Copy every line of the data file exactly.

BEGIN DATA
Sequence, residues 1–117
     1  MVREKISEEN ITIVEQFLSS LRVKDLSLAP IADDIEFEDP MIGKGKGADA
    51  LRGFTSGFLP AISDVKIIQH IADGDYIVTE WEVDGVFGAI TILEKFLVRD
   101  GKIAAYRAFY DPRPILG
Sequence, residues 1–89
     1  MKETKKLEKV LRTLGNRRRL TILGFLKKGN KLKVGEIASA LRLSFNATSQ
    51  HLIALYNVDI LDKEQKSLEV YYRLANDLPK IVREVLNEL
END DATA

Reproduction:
Sequence, residues 1–117
     1  MVREKISEEN ITIVEQFLSS LRVKDLSLAP IADDIEFEDP MIGKGKGADA
    51  LRGFTSGFLP AISDVKIIQH IADGDYIVTE WEVDGVFGAI TILEKFLVRD
   101  GKIAAYRAFY DPRPILG
Sequence, residues 1–89
     1  MKETKKLEKV LRTLGNRRRL TILGFLKKGN KLKVGEIASA LRLSFNATSQ
    51  HLIALYNVDI LDKEQKSLEV YYRLANDLPK IVREVLNEL